Entertaining's easy with dim sum at the ready

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      Heady college days fuelled by endless plates of spaghetti with tomato sauce taught me the merits of a full pantry. Recently, more graceful living has introduced me to the charms of a freezer full of dim sum—especially for last-minute entertaining.

      As much as I love going to restaurants for dim sum, the prospect of having to get to my favourite spot earlier and earlier in order to avoid the lineup grows more daunting as I get older. And once a table is won, I find myself racked with a guilt that compels me to eat and run. But yum cha is meant to be enjoyed as a leisurely social repast and savoured with a generous dose of lively gossip and conversation among friends and loved ones.

      So instead of eating out, more and more often I invite some friends over, crank up the steamer at the hour of my choosing, and serve dim sum at home. The selection may not be as diverse, but the tea is better. And if the conversation grows stale, a DVD is just a click of the remote away.

      While quality may vary, frozen dim sum is widely available in Vancouver. Many neighbourhood supermarkets have a collection in their frozen-food sections, but I recommend seeking out either shops that specialize in dim sum or Asian grocery stores or supermarkets, as brisk stock turnover ensures better quality. The shops I frequent are in my neighbourhood. Gah Lok Dim Sum (4169 Fraser Street; 604-873-2233) carries a wide variety of house-made Cantonese- and Northern-style dim sum, from har gow (shrimp dumplings) to lo mai gai (sticky rice wrapped in lotus leaves). Good Taste Foods (4352 Fraser Street; 604-872-4489) specializes in Shanghai and Northern dim sum, with offerings such as lamb and carrot dumplings and the popular xiaolongbao (pork buns). While Good Taste also produces machine-made dumplings for the wholesale market, owner Jie Gao assured me that the ones in the freezers at the Fraser Street shop are all handmade; they also come with cooking instructions. Hon’s Wun-Tun House (various locations) has long been famous for its version of potstickers, and the West End location (1339 Robson Street) has a separate kitchen that focuses on vegetarian dim sum items, as well as other vegetarian dishes. You can also buy the frozen Hon’s dim sum to take home. And if you frequent T & T Supermarket (various locations), you will have noticed that it has a whole freezer aisle dedicated to these tasty morsels. Often on weekends, the supermarket features in-store samples so that you can taste before you buy.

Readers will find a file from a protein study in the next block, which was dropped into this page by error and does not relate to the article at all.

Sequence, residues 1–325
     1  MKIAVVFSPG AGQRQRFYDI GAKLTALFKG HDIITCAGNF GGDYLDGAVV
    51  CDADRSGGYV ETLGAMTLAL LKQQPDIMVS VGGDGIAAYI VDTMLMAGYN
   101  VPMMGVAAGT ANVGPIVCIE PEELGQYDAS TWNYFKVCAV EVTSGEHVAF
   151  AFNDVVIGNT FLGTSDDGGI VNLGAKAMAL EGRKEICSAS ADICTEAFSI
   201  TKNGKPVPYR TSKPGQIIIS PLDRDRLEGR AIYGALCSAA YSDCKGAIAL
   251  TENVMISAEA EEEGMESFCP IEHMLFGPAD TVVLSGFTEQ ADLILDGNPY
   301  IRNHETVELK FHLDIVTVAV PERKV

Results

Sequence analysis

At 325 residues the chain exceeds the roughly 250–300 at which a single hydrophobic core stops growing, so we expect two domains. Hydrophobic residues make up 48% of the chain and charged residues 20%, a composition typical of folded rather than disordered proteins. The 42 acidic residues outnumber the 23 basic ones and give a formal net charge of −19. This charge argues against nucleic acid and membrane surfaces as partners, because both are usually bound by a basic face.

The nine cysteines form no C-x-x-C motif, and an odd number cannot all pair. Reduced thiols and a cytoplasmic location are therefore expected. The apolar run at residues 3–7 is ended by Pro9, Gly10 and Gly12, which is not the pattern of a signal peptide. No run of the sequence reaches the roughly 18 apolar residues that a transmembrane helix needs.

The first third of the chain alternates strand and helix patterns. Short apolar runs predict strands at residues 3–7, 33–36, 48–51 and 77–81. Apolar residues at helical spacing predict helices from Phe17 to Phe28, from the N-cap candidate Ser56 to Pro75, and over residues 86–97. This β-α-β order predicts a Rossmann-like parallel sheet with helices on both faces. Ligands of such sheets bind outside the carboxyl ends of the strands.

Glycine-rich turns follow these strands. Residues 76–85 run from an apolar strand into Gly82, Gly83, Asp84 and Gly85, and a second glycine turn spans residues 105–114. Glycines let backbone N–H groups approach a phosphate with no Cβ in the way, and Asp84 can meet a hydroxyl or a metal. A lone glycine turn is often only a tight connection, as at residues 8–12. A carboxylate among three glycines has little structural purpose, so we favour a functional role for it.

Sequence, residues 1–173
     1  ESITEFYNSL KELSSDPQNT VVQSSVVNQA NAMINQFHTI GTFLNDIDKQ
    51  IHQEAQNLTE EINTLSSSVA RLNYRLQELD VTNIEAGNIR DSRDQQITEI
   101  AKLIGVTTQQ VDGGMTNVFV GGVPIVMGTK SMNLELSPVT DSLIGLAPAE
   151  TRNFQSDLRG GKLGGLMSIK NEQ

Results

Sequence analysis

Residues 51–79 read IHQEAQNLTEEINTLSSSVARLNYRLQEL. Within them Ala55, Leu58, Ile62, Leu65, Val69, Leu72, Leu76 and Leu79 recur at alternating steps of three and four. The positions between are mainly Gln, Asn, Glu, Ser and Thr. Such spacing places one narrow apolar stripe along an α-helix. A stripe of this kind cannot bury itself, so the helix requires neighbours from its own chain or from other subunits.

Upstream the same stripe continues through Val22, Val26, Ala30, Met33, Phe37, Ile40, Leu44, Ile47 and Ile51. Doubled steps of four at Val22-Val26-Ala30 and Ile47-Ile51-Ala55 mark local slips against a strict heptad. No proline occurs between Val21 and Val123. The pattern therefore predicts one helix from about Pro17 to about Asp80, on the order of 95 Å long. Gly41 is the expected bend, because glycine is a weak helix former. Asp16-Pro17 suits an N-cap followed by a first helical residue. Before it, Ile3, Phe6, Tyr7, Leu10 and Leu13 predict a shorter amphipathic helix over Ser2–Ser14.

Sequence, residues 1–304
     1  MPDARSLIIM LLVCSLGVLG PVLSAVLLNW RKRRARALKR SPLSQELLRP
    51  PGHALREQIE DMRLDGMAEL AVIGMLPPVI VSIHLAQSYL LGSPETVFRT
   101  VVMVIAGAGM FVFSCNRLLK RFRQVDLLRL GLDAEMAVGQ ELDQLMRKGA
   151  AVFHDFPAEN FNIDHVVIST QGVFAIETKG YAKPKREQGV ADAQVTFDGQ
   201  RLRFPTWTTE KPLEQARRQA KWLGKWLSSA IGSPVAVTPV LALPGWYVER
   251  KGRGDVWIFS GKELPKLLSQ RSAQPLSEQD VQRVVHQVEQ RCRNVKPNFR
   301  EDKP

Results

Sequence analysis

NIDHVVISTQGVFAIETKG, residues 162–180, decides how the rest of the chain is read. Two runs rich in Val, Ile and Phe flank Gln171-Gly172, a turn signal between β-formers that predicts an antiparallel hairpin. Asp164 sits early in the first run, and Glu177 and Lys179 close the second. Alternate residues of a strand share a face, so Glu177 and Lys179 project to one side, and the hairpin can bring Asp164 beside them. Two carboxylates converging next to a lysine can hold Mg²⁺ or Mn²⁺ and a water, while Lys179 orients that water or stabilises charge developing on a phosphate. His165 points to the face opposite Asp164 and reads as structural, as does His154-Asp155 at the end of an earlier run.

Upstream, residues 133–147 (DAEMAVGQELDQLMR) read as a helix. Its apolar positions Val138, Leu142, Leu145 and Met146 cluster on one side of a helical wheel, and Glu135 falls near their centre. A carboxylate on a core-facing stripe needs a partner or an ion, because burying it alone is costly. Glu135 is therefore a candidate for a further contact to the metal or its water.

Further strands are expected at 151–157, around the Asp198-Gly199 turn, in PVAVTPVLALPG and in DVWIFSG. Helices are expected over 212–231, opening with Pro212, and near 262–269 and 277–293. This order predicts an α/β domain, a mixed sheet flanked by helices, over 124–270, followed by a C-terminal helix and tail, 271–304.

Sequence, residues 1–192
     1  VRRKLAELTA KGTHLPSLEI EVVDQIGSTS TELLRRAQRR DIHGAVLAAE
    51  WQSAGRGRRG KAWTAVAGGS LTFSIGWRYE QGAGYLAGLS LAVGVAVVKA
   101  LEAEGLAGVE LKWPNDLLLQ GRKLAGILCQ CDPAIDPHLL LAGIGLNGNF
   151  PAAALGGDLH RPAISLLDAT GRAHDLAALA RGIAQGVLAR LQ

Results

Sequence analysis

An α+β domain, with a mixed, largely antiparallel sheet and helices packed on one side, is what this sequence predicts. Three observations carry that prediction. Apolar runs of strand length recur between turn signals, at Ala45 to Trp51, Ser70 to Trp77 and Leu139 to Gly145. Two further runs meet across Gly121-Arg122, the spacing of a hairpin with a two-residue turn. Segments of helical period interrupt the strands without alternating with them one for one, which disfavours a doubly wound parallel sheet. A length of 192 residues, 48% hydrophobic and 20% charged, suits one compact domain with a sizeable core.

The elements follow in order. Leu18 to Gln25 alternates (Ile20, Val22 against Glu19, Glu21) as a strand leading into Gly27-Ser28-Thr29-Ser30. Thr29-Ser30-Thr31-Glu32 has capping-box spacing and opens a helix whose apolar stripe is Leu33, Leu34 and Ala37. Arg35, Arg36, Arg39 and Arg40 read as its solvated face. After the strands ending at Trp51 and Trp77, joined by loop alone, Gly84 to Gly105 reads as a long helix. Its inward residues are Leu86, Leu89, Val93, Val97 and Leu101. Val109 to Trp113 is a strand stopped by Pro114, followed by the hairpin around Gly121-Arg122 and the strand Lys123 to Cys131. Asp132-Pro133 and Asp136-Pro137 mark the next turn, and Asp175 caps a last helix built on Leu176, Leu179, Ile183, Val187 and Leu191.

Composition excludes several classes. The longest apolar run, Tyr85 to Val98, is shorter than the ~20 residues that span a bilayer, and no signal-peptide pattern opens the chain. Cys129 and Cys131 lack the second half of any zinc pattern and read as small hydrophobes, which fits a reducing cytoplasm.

Don’t fret if you think that dim sum packages sometimes seem large enough to feed a crowd. Take it from me—in addition to in-house dim sum brunches, there are many more out-of-the-box reasons to keep a good stock of frozen dim sum at hand. Potstickers and green onion pancakes are terrific rainy-day meal solutions. They’re also helpful in ensuring that you’re a gracious host. According to my mother, one should always have snacks to offer visitors when they come calling—and, well, potato chips and sour cream dip just don’t make the grade.

      The key is to think of dim sum items not as just traditional Chinese food, but as healthy, affordable, convenient, ready-made components of a meal. For example, with just a few minutes in the steamer, chicken buns are a wonderful way to bulk up a lunch of reheated leek and potato soup left over from the previous night’s dinner. Char siu bao—barbecued pork buns—will likewise complement a clean-out-the-fridge vegetable broth. Pork dumplings, steamed or fried, are delicious with a mesclun salad. Make a dipping sauce with slivers of ginger and some cider or sherry vinegar, then use it to dress the salad by adding a drizzle of olive oil.

      Green onion pancakes cut into wedges, topped with a slice each of Brie and tomato and garnished with a basil leaf, make lovely party hors d’oeuvres. Or try them as a base for sautéed, in-season wild mushrooms, such as lobster mushrooms or chanterelles. A few vegetable dumplings—steamed, boiled, or fried—can replace with one easy step the supporting cast of vegetables and pasta that usually accompanies your meat or fish entrée. For dessert, how about some boiled glutinous-rice dumplings with a creamy black-sesame filling? These are traditionally served in sweet ginger soup. For a change, try them in a fragrant chamomile tea sweetened with honey, or roll them in some ground hazelnuts and serve with ice cream.

      Have fun with dim sum, and soon you’ll realize that it can touch your heart in more ways than one.




      Aug 6, 2009 at 11:39pm

      awesome! i love dim sum!!

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